Worship is Both External and Internal
In more traditional churches, worship is often private, structurally dictated by a worship leader or authority figure, and internally contemplative. The focus is on the internal change that comes from singing out the truths of God. For example, a worshiper in a traditional service may focus more on the theology of the words of a song than on the experience of singing the song. As the worshiper sings the beautiful lyrics of Amazing Grace, he or she may spend the majority of their time thinking about how much grace God has given him or her.
In Charismatic churches, there is freedom to be externally expressive in worship. The theology of the song fuels the soul of the worshiper, and then the worshiper is free to express physically what God is doing both internally and externally. Charismatic Christians often perceive the presence of God and see a worship service as a deep communion with Him. What does this look like?
- Hand lifting
- Artistic expressions
- Kneeling or laying on the ground
- Using a personal instrument like a shofar
Back to Shouting Down the Preacher
Since all believers have the authority and the ability to hear from God and feel His presence, there is no dividing line between preacher and congregation. Charismatics honor preachers for their God-given giftings but there is a sense of equality. Thus, when a congregant shouts out his or her approval of what was said, it doesn't offend the preacher but shows him that God has revealed the same truths to the congregation.
To shout or not to shout?
Within the Charismatic community, there is a wide variety of what is acceptable and differing opinions on what an orderly church service should look like. I personally love to participate verbally in a service but decline that privilege when I'm visiting churches that believe that orderliness equals pin-dropping quiet. My conviction is that you should be respectful and show honor to the community of believers you are worshiping with, without quenching the Spirit.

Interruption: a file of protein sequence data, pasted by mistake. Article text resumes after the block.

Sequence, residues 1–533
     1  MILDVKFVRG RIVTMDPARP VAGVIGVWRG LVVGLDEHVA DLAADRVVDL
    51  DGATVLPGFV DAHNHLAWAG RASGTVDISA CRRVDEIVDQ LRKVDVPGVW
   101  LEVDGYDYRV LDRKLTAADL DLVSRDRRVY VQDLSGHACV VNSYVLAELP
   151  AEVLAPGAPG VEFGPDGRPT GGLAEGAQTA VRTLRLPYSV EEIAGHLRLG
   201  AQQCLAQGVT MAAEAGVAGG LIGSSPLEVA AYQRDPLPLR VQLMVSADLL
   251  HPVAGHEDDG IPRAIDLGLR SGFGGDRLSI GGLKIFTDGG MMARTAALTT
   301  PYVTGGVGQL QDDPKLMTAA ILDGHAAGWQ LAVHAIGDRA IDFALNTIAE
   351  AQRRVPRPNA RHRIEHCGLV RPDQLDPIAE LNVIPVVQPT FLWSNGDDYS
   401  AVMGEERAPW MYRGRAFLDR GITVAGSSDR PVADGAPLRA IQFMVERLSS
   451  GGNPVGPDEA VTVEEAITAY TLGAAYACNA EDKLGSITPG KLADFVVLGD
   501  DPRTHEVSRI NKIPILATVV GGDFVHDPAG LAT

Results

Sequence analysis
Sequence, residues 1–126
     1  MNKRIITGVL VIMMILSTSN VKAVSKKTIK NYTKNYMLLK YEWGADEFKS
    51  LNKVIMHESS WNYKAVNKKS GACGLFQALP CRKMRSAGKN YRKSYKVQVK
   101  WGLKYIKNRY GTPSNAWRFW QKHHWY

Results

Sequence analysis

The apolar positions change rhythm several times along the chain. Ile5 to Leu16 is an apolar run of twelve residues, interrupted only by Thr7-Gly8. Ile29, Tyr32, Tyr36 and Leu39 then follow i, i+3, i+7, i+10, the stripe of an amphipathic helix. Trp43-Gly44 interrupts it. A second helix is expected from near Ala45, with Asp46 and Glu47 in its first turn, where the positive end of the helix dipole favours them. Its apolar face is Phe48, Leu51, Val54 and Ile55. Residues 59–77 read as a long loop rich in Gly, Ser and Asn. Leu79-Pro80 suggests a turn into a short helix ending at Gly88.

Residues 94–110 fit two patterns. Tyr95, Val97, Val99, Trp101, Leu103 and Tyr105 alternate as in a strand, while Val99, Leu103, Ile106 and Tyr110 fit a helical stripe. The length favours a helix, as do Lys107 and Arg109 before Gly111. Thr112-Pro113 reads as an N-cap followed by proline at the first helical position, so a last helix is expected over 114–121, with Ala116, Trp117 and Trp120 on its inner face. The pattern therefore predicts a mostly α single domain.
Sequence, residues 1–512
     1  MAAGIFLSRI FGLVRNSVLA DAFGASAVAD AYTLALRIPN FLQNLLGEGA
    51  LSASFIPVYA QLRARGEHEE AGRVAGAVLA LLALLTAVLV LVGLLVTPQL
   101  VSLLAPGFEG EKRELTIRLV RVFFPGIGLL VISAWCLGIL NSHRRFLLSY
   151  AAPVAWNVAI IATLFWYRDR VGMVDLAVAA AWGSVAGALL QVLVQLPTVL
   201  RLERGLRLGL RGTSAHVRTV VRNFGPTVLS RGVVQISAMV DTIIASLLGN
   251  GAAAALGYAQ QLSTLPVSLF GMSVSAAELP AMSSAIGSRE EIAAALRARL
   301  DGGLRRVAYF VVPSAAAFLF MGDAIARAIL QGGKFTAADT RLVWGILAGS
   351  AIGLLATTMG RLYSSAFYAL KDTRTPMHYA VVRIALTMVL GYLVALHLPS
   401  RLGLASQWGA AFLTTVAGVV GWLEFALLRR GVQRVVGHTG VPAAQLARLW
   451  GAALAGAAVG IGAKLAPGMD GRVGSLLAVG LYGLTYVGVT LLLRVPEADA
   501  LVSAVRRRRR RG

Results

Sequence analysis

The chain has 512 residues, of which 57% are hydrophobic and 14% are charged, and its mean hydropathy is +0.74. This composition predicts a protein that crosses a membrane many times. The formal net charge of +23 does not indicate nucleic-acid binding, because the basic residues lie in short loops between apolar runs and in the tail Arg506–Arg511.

2. Open Heaven
Translation: We have access to the power, favor, and presence of Heaven because of Jesus.
Until I entered the Charismatic world, I had never heard the term "Open Heaven" before, but I kept running into it in Charismatic services, events, and materials.
For example, Elevation Church put out a song called "Jesus I come" with a chorus as follows:
I will rise, stand redeemed
Heaven open over me
To Your name eternally
Endless glory I will bring
Prominent "Open Heaven" usage:
Bill Johnson, who pastors Bethel Church, explains in his article, What is an Open Heaven, that the prophet Isaiah cried out to the Lord, "Oh that you would rend the heavens and come down, that the mountains might quake at your presence—" (Isaiah 64:1, ESV). He explains that "rend" means to violently rip the heavens open. I believe what he desires to see and what he means is that an open heaven means that there is no separation between Heaven and Earth, allowing God's Spirit to be poured out powerfully.
Even if you don't agree with the confusing theology behind it, I believe in an open heaven over me because of what Jesus did on the cross. God ripped the temple veil when Jesus died, forever proclaiming that through Jesus our Great High Priest, there is no longer a separation between God and man. Because of Jesus, I always have open access to Heaven.
"Open heaven over me"
3.Shifting the Atmospheres
Translation: God's presence changes things!
When I first started running in Charismatic circles, I was confused and slightly offended by Charismatic Christians saying things like, "The atmosphere just shifted" or "When I walked into the room, the atmosphere changed."
I kept thinking, "What do you people mean?!" To me, it often came off as arrogant until I realized my authority and power.
Charismatics believe that the same power that raised Jesus from the grave lives in us (ROM 8:11). Therefore, when they walk into a room, they carry God's presence with them. They live with the expectation that God wants to set people free, and the way He often chooses to work is through human hands. They believe that darkness trembles because of the presence of the Spirit inside of them.